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Vancouver mayoral candidates from left to right; Fred Harding, Colleen Hardwick, Mark Marissen, Ken Sim and Kennedy Stewart participate in a town hall hosted by the Centre for Israel and Jewish Affairs and S.U.C.C.E.S.S., in Vancouver, on Sept. 7.DARRYL DYCK/The Canadian Press

Vancouver’s two leading mayoral candidates say the city can’t wait for the province to get around to paying for health services for mentally ill and homeless residents. Instead, they say, local taxpayers will need to pitch in for specialists such as psychiatric nurses or roving counsellors to help that group.

“This is bold action but we can’t wait for the province to come up with something in a few years,” said Ken Sim, whose ABC party has pledged to spend $20-million a year on 100 psychiatric nurses, paired with 100 new police officers, to provide mobile teams able to handle mental-health calls.

Kennedy Stewart, the current mayor, has a different plan, though agreed the city needs to go it alone even if health care is a provincial responsibility.

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“The core versus non-core service debate is moot when you have a whole bunch of demands like we do. Right now, we can jump in and do something,” he said.

In the lead-up to civic elections in British Columbia on Oct. 15, mayors across the province say they’re grappling with concerns about random stranger assaults and increasing numbers of people with severe mental-health problems or drug-use issues acting erratically in public.

On Wednesday, a two-person panel, appointed by B.C.’s attorney-general to look into the mayors’ concerns, issued a report concluding the province must make significant investments into resources to ensure those suffering from addictions and mental-health issues get tailored supports from experts that are not police officers.

“Currently, mental-health-related crisis response in B.C. is primarily left to police and hospital emergency departments – both of which have been shown to contribute to adverse outcomes for people in crisis,” the report says. “We need a broader and more creative set of solutions.”

Mr. Stewart, running with the Forward Together party, is proposing the city create 25 new “counsellor” positions – roving specialists who can be deployed to help out with obvious crises on the street.

He also proposes adding to the city’s existing 311 help line to give residents and even police a place to call to get specialized resources for those in distress. His proposal says that would cost $5-million a year initially, with money to come from an already existing overdose-prevention fund.

Mr. Sim and Mr. Stewart are critical of each other’s strategies.

Mr. Stewart said Mr. Sim’s plan would mean cutting other services and added the city doesn’t have the legal authority to hire health workers or dictate to police how to operate.

Mr. Stewart said his health and addictions response team, or HART, is an initiative based on one in Eugene, Ore.

But Mr. Sim said hiring a mere 25 counsellors, instead of 200 new people for police-nurse teams, is inadequate.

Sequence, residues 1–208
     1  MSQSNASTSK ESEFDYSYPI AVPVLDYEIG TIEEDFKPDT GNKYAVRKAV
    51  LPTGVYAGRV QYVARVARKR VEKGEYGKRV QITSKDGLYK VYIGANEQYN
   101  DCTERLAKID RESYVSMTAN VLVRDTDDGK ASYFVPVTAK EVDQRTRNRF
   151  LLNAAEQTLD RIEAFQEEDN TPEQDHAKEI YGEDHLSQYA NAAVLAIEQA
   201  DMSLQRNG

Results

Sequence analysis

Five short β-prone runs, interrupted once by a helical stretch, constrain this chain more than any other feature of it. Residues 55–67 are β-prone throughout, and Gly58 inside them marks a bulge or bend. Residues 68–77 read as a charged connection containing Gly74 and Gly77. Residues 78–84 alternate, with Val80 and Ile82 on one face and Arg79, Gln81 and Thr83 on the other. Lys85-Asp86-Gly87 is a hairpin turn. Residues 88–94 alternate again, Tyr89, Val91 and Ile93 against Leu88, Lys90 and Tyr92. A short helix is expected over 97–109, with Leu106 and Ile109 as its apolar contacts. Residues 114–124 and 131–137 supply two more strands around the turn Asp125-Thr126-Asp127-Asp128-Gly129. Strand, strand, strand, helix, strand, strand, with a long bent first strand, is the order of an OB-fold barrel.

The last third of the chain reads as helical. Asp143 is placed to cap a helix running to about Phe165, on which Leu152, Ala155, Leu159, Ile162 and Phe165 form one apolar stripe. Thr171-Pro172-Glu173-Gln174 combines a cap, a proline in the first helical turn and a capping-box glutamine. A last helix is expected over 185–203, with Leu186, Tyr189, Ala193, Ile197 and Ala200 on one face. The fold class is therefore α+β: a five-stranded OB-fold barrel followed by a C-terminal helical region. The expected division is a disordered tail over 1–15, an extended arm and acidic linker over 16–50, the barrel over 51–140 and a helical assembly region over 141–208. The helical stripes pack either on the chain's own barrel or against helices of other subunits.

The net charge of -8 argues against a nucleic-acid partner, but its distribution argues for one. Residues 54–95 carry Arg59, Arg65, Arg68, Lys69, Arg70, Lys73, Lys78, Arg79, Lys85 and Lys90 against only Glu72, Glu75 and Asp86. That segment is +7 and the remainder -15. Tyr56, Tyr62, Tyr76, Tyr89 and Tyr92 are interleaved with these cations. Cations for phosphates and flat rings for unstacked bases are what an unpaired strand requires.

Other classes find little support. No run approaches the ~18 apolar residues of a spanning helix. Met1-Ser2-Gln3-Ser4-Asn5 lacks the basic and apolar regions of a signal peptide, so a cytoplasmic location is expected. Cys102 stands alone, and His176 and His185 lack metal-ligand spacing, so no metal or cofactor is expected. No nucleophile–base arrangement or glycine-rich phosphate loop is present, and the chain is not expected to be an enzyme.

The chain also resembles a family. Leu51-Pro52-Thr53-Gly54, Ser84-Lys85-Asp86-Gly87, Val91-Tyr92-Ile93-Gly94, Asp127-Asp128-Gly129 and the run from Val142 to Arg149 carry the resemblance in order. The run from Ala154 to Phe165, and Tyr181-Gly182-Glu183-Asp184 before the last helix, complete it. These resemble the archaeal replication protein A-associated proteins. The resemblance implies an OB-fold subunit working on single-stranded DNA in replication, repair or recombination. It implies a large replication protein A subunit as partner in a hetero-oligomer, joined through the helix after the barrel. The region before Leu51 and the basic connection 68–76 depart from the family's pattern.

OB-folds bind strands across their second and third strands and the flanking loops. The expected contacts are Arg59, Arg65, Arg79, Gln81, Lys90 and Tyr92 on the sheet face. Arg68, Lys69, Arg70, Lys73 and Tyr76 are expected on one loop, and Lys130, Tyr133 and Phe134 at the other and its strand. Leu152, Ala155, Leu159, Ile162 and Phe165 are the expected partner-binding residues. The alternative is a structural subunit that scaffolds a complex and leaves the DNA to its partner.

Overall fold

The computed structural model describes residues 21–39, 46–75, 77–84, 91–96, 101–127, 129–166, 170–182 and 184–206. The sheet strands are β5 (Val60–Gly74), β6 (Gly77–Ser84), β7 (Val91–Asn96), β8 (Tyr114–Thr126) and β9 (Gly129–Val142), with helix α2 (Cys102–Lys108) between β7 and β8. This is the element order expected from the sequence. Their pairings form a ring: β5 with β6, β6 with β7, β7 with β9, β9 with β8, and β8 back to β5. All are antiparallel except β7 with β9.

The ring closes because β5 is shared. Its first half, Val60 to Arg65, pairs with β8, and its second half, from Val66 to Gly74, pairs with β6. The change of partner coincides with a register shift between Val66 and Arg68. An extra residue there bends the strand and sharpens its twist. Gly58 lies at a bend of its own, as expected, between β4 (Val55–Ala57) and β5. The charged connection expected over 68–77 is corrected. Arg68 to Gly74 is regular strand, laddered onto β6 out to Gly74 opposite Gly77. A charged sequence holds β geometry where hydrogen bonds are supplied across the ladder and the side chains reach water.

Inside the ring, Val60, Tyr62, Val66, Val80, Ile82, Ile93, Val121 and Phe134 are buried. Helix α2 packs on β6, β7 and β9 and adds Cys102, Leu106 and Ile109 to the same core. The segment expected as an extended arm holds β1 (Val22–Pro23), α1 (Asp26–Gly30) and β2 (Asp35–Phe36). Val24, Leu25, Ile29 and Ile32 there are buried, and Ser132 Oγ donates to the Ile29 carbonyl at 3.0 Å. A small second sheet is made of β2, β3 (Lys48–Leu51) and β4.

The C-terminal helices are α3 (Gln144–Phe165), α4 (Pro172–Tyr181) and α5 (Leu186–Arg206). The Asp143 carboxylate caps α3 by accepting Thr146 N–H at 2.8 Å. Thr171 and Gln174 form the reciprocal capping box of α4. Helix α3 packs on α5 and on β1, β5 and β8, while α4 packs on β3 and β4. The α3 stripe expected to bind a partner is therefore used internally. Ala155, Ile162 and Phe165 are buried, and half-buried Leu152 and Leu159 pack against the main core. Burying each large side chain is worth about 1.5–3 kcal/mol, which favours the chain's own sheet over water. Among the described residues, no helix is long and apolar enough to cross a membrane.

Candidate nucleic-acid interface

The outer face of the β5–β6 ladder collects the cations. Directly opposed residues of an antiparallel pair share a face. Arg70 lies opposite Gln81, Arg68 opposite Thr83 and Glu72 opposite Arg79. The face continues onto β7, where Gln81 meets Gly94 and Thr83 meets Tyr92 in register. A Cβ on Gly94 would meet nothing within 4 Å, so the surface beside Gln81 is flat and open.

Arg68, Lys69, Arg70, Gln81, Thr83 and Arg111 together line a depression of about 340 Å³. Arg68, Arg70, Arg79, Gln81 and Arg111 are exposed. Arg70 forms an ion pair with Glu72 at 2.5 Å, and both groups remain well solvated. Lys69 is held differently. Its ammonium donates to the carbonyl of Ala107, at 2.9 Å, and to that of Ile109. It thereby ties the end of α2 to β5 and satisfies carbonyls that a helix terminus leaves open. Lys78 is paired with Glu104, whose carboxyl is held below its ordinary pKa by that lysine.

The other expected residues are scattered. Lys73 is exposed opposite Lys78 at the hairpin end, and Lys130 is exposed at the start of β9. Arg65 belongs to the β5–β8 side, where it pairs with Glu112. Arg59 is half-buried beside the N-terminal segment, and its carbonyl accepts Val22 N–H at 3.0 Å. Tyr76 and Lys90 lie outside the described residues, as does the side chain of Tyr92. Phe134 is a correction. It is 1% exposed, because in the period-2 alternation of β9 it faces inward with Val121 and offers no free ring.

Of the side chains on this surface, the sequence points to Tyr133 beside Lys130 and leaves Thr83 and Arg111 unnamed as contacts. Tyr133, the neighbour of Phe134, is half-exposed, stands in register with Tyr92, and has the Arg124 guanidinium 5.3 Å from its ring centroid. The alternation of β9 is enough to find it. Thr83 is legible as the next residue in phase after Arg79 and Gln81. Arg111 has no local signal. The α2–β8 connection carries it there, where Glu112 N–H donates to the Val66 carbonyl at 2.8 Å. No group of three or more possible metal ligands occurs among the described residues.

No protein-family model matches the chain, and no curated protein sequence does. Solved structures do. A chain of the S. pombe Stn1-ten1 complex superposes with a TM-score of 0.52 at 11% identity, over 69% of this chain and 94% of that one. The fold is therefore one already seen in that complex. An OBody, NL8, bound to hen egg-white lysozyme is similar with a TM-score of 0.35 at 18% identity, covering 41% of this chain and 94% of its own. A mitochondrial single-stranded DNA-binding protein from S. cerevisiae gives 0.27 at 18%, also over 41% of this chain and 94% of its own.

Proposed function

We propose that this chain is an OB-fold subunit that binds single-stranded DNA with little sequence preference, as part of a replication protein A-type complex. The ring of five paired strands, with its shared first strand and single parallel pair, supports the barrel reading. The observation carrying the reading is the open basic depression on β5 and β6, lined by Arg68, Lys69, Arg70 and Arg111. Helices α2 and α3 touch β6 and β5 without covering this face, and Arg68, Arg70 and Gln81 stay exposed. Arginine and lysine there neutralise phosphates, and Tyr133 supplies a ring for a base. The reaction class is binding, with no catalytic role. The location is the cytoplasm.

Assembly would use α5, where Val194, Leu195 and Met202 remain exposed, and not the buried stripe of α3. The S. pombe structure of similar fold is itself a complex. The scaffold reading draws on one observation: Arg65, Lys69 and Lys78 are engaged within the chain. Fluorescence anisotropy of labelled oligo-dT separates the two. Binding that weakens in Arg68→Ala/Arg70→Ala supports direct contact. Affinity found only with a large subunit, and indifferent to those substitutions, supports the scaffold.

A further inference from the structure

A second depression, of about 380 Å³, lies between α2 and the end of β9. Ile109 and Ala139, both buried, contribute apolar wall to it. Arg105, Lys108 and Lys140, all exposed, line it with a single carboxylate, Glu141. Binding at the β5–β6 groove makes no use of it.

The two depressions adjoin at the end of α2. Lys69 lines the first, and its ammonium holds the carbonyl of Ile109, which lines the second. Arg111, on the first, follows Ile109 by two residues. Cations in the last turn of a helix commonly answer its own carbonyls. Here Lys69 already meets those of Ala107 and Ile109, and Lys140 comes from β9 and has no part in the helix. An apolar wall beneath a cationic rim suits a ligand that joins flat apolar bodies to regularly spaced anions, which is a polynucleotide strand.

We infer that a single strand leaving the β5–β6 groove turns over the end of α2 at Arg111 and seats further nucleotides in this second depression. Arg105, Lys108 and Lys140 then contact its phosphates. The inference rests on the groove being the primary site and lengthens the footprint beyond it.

Mr. Sim said the city already hires nurses to work at places such as the city jail, so there is no legal impediment. That group of specialists would be able to provide far more sophisticated help than counsellors, he said.

As well, he said, many nurses who have left hospitals because they are burned out from dealing with only people who arrive in desperate straits would likely be attracted to jobs where they can be out of a hospital and helping people before they’re in complete crisis.

Among the 10 parties and five mayoral candidates running, the move toward wading into funding health services seems to be the dominant view.

Only TEAM and the Non-Partisan Association are more cautious.

The platform for the TEAM party, headed by current council member and mayor candidate Colleen Hardwick, emphasizes that its representatives will be “focusing on programs and services within its core mandate in the most efficient and effective way possible before carefully considering the provision of services outside its mandate.”

In a policy section related to social issues, TEAM’s goals are more focused on creating greater financial efficiency and improved organization than adding new levels of service.

The party says it would do a detailed audit of the Downtown Eastside to determine where resources are going, establishing a single agency to ensure complex needs are met, and creating a full-time Downtown Eastside commissioner to “address the out-of-control social issues that are impacting the health and safety of the community.”

The NPA’s platform, under mayor candidate Fred Harding, emphasizes providing more resources for police, requiring social-service agencies to “come together to review their effectiveness,” and working with other levels of government to get more mental-health workers, with no suggestion of using city money to pay for them.

The fifth mayoral candidate, Mark Marissen, has not pledged extra health resources as part of his campaign. However, Mr. Marissen of Progress Vancouver has supported the idea of creating a managed tent encampment to help reduce public disorder and give homeless people a better place to stay while awaiting permanent housing than on the street. He has said Vancouver needs a more holistic approach to the problem of public disorder that goes beyond simply adding police officers.